More Than Half of Physicians and Nurses Say Obesity Is a Disease

Marcia Frellick

October 18, 2018

Sixty-four percent of physicians and 54% of nurses and advanced practice registered nurses (APRNs) who responded to a recent Medscape poll say obesity is a disease.

However, there was a substantial amount of uncertainty. Among physicians, 20% said it is not a disease and 16% were unsure, and among nurses/APRNs, 24% said it isn't a disease and 22% were unsure.

Opinions on whether obesity is a disease differed by specialty. For example, 82% of specialists in diabetes/endocrinology agree that obesity is a disease compared with 63% of primary care physicians, including family medicine, internal medicine, and general practice.

Table. Opinions on Whether Obesity Is a Disease by Specialty

Response Cardiology Diabetes/Endocrinolog Primary Care* Pediatrics
Yes, % 77 82 63 70
No, % 8 9 17 9
Unsure, % 15 9 19 21
*Family medicine, internal medicine, general practice

The poll responses include 1484 physicians and 2802 nurses/APRNs.

AMA Declared Obesity a Disease in 2013

The poll comes 5 years after the American Medical Association (AMA) declared in 2013 that obesity is a disease that requires interventions to advance treatment and prevention. 

Lee Kaplan, MD, PhD, director of the Obesity, Metabolism, and Nutrition Institute (OMNI) at Massachusetts General Hospital in Boston, recently told delegates at the Pediatric Academic Societies 2018 meeting in Toronto that patient success is dependent on a shift in the way healthcare professionals think about obesity; otherwise, patients are destined for failure.

The topic remains divisive and opinions were varied in the 122 comments logged since the poll questions were posted this summer.

An internist wrote, "Obesity is a behavioral problem that leads to disease."

A cancer surgeon wrote: "Obesity is not a disease but a condition where, either by genetics or endocrine issues (people are predisposed to it)."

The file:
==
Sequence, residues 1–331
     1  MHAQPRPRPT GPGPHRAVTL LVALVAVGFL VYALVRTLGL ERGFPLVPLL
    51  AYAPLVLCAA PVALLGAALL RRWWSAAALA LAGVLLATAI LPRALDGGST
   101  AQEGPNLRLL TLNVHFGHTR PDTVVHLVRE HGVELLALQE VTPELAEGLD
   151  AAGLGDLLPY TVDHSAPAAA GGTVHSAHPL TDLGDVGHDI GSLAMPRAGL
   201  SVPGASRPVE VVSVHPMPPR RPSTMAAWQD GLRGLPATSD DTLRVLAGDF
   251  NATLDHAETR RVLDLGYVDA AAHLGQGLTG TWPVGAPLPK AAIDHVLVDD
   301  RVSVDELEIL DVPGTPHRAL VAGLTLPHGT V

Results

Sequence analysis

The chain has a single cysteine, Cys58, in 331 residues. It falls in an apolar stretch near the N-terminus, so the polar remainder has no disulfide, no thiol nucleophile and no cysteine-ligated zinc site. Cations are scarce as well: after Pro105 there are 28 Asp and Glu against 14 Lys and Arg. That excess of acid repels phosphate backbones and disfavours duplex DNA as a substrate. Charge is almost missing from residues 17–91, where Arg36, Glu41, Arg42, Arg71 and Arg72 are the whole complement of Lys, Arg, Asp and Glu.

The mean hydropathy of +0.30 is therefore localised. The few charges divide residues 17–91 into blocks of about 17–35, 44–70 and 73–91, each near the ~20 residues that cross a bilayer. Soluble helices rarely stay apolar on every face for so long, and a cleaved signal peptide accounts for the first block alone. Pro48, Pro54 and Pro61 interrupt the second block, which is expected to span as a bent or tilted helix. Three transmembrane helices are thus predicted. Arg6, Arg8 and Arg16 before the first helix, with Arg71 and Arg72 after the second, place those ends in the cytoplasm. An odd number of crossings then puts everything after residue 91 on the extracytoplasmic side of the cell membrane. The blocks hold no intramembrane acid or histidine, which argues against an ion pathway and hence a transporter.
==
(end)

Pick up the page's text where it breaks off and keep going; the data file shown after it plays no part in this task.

An internist wrote, "We know the lifestyle choices that lead to obesity: bad diet, overeating, low activity level, and also know that it's pretty rare for obesity to be due to heredity or illness alone. So using the car rather than walking is a disease. Eating thousands of calories more per day than you need is a disease. Refusing to delay gratification or to avoid laziness is a disease."

Some blamed economic barriers such as food prices. "Why does it cost more to eat 'clean' than 'dirty'?!” one provider asked. A family physician noted that "in many vending machines it's cheaper to buy a coke than water. Our priorities are skewed."

A commenter identified as "other healthcare provider" said progress will take a combination of approaches and wrote that "the solution requires changes in society AND people employing the critical thinking and reasoning abilities of the human brain to counter the lust to eat and eat and eat."

What's at the Root of Obesity?

When asked how often lifestyle choices are the underlying cause of obesity, 80% of physicians and 68% of nurses/APRNs answered that they were always and often the underlying cause.

The intervention most recommended to address obesity was diet across all providers, followed closely by exercise. Physicians were more than twice as likely as nurses/APRNs to recommend surgery (32% vs 14%). Physicians were also more than twice as likely as nurses/APRNs to recommend prescription medications (24% vs 11%).

The poll asked providers how often their patients with obesity succeeded at long-term weight management and numbers were low.

Physicians reported that their patients succeed always or often only 12% of the time and nurses/APRNs put the percentage at 5%. Physicians reported their patients rarely or never succeed 39% of the time and nurses/APRNs put the percentage at 41%.

In a separate commentary on the poll published by Medscape, Akshay B. Jain, MD, an endocrinologist at Wockhardt Hospital and Fraser River Endocrinology in Vancouver, British Columbia, Canada, writes, "In the interest of definitively addressing a situation that is attaining pandemic proportions, it is high time that we recognize obesity as a disease. As long as we as medical professionals do not take obesity seriously, we will be ineffective in dealing with the subsequent biopsychosocial and economic ramifications of what arises in its aftermath. Calling out obesity as a disease is the first step toward objectively assessing the factors that lead to it and working toward its prevention and treatment."

For more news, join us on Facebook and Twitter


Comments on Medscape are moderated and should be professional in tone and on topic. You must declare any conflicts of interest related to your comments and responses. Please see our Commenting Guide for further information. We reserve the right to remove posts at our sole discretion.